George Allen IV's Cigarette Butt Solves Kurt Levias's Bluebird Theater Murder

Kurt Levias. Additional photos, a video and more below.
Kurt Levias. Additional photos, a video and more below.
Family photo via Causes.com

In March 2014, we told you about the arrest of George Allen IV, aka "Slim Ryder," in connection with the murder of Kurt Levias, 21, outside a hip-hop show at the Bluebird Theater ten years earlier.

More than a year later, Allen has been sentenced in the slaying, and an arrest affidavit on view below reveals the evidence that led to his conviction, including a random comment by his mom following the airing of an America's Most Wanted episode about the crime and a DNA match that used a surreptitiously obtained cigarette butt.

The facts of the case are painful to consider more than a decade later.

On August 4, 2004, as we've reported, police responded to a report of a fight outside the Bluebird. Upon their arrival, they discovered a man later identified as Levias had been shot — and he died of his injuries a short time later. Later investigation revealed that Levias had been involved in an argument with a man that had spilled outside the venue — but that individual remained at large.

The show at the Bluebird that night was part of the "Starterz in tha Game Tour," and among the featured artists was Twyla Rivers, who performed under the name Lady MEnace. She also happened to be a cousin of Levias, who acted as her bodyguard.

One was needed. While Rivers was onstage, several women are said to have started taunting Rivers's sixteen-year-old cousin, Paris Landrum. Two older sisters quickly came to Landrum's defense, prompting a fistfight involving bodyguards from different groups on the bill. At that point, Levias, who'd been on the stage keeping an eye out for Rivers, jumped into the fray, too.

The battle continued outside the theater, with one observer suggesting that it lasted 45 minutes. But even after it ended, the aggression continued, with a man later identified as "Slim Ryder" allegedly striking one of Landrum's sisters. In response, Levias reportedly hit Ryder.

Another family photo of Kurt Levias.
Another family photo of Kurt Levias.
File photo

A moment later, Levias was on the ground — at which point Ryder shot him six times from point-blank range.

An indication of the esteem in which Levias was held: More than 1,000 people attended his funeral. However, Ryder — Allen — remained at large until early last year.

What led to his arrest? The arrest affidavit has many blacked-out sections, but those that appear reveal that the investigation stalled for years prior to the America's Most Wanted episode, which aired in 2010.

In October of that year, the document reveals, Denver detectives received a hotline tip from a physician who said a woman later identified as Allen's mother "came in complaining about physical pain because she was told Monday that her son was featured on the America's Most Wanted television show" — specifically in photos that had been taken at the show on the night Levias died.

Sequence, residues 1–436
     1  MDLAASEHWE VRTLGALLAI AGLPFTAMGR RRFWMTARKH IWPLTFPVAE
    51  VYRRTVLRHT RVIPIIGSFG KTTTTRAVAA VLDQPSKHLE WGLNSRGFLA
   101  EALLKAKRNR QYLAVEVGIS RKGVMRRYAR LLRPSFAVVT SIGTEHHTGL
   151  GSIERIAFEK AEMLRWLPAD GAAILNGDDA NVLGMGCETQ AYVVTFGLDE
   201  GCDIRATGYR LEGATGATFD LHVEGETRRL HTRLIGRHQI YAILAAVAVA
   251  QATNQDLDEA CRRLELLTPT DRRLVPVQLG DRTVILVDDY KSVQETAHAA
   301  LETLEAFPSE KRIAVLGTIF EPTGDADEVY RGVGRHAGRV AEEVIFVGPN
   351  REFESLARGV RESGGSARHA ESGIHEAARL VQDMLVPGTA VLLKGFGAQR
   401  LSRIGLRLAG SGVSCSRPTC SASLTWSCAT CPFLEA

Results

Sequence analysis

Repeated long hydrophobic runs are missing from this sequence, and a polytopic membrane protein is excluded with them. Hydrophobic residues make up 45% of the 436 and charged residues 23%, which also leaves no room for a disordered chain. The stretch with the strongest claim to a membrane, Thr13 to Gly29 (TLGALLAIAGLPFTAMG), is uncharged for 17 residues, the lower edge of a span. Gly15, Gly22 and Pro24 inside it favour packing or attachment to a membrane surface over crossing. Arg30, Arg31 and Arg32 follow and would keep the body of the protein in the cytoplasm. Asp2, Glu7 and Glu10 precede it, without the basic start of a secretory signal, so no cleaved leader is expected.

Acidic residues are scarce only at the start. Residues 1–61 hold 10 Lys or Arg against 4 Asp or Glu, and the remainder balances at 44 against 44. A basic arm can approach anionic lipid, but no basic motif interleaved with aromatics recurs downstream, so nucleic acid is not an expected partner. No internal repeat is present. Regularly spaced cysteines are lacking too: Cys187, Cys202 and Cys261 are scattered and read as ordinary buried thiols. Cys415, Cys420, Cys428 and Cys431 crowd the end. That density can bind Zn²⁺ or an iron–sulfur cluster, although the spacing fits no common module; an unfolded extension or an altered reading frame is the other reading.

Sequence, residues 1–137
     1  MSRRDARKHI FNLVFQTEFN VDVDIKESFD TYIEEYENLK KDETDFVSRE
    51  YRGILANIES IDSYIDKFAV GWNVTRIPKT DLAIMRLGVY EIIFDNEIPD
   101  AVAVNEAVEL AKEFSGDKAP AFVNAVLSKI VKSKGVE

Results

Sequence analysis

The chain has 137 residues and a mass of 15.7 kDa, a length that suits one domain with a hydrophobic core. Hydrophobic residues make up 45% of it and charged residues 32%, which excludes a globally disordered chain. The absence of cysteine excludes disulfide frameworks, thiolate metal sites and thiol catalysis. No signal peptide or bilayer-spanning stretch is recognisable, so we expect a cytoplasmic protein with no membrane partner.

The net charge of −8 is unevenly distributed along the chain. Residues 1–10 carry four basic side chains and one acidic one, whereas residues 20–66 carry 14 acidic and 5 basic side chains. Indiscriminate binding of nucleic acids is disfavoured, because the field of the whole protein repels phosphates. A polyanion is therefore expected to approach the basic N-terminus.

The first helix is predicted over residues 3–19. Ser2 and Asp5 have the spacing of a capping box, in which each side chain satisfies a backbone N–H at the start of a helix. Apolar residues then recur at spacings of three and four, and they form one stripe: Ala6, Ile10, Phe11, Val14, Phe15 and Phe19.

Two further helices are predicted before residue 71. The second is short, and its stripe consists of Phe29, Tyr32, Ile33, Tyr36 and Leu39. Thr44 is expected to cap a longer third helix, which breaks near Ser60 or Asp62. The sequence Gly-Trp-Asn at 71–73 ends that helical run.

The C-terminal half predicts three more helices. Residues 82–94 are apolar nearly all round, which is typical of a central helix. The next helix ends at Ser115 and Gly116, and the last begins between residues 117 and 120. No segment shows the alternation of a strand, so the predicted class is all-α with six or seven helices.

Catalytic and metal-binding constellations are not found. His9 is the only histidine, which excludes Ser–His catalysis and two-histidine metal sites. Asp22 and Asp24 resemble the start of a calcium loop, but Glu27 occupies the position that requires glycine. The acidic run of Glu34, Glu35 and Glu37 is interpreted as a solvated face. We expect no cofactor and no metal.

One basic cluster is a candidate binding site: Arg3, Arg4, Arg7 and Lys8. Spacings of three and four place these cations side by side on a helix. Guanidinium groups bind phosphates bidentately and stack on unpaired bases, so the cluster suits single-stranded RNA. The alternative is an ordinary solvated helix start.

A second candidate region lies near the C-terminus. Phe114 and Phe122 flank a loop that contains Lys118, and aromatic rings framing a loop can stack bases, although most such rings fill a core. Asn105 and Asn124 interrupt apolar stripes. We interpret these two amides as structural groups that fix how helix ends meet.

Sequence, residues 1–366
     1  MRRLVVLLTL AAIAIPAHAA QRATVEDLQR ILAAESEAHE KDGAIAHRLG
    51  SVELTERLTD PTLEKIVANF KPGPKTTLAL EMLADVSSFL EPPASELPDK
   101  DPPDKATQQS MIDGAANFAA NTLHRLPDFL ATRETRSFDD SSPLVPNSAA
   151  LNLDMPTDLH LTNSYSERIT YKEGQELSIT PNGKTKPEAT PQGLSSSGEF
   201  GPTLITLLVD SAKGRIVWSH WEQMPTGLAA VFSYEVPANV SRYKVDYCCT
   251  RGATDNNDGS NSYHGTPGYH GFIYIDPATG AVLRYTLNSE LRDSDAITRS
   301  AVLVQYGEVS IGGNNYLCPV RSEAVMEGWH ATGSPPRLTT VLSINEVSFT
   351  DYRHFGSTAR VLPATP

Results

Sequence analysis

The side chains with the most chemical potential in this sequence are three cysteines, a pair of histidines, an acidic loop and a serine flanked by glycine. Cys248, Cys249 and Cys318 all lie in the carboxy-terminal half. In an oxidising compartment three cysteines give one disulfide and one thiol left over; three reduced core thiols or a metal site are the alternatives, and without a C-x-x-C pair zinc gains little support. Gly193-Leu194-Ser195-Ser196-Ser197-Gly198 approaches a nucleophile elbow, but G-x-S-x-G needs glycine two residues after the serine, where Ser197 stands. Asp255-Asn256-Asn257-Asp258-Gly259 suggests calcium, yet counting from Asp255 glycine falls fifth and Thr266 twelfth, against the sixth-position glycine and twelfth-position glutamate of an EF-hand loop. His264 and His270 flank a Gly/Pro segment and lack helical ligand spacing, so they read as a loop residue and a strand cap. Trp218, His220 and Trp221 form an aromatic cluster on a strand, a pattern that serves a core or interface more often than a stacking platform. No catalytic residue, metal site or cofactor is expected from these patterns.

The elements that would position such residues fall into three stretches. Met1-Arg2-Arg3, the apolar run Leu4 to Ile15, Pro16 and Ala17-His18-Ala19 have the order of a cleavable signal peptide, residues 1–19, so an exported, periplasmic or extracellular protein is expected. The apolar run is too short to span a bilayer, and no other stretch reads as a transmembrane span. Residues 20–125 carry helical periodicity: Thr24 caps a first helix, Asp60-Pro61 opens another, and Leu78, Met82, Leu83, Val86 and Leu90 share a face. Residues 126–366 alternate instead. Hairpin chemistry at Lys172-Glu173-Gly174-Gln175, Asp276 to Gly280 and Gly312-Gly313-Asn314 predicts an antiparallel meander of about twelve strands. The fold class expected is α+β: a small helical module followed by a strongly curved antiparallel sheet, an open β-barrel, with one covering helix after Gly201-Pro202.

Allen's mom told the doctor her son had previously told her that he'd killed someone, and she'd advised him to surrender. He responded by saying he had to go see his wife, because they were having marital problems — and while he promised to return, he hadn't done so. The woman added that her son's first name was George, but she didn't reference his last name other than to say it was different from hers.

A tribute to Levias was staged at the Bluebird Theater following his death.
A tribute to Levias was staged at the Bluebird Theater following his death.
File photo

Three years later, in November 2013, the next break in the case came courtesy of an agent with Homeland Security, who was told by a source that he'd recognized a photo of Slim Ryder on the America's Most Wanted show — and he knew his real name, his address, his phone number and even details about his previous arrest record, including busts in San Diego and Las Vegas on charges that included a stolen car and a weapon-possession violation.

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Prior to that time, Allen had been interviewed by authorities about the Levias killing and denied involvement. What the cops needed was evidence definitively linking him to the crime scene, and they found it in January 2014. Detectives learned where Allen was working and obtained several cigarette butts that he'd discarded there. The butts were then shipped to Denver and analyzed for DNA.

The samples found on the butts were then compared to DNA on the gun that had been used to kill Levias; it had been discovered after the shooting. And they matched.

After being arrested in Vegas last year, Allen was transported to Colorado. He's remained in custody since then, and in custody he'll remain. Earlier this year, he pleaded guilty to second-degree murder and one crime-of-violence count that served as a sentence enhancer. Last Friday, he was sentenced to 27 and a half years in prison.

Look below to see Allen's mug shot, followed by a tribute video to Levias and the arrest affidavit.

George Allen IV.
George Allen IV.
Denver District Attorney's Office
Send your story tips to the author, Michael Roberts.

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